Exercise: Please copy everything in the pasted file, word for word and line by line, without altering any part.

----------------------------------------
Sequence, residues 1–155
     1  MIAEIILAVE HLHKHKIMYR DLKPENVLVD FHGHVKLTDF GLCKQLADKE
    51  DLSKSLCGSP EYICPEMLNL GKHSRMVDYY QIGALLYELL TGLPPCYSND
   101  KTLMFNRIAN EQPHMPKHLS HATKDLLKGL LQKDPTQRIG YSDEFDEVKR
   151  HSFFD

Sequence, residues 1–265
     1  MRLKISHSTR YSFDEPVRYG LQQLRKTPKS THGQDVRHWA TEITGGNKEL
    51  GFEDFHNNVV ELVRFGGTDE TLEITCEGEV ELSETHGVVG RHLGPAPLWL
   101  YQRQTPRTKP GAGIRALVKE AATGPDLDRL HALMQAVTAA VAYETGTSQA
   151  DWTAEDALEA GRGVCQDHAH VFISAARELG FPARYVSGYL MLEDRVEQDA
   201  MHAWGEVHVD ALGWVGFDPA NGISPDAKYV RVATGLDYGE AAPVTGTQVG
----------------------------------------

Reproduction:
Sequence, residues 1–155
     1  MIAEIILAVE HLHKHKIMYR DLKPENVLVD FHGHVKLTDF GLCKQLADKE
    51  DLSKSLCGSP EYICPEMLNL GKHSRMVDYY QIGALLYELL TGLPPCYSND
   101  KTLMFNRIAN EQPHMPKHLS HATKDLLKGL LQKDPTQRIG YSDEFDEVKR
   151  HSFFD

Sequence, residues 1–265
     1  MRLKISHSTR YSFDEPVRYG LQQLRKTPKS THGQDVRHWA TEITGGNKEL
    51  GFEDFHNNVV ELVRFGGTDE TLEITCEGEV ELSETHGVVG RHLGPAPLWL
   101  YQRQTPRTKP GAGIRALVKE AATGPDLDRL HALMQAVTAA VAYETGTSQA
   151  DWTAEDALEA GRGVCQDHAH VFISAARELG FPARYVSGYL MLEDRVEQDA
   201  MHAWGEVHVD ALGWVGFDPA NGISPDAKYV RVATGLDYGE AAPVTGTQVG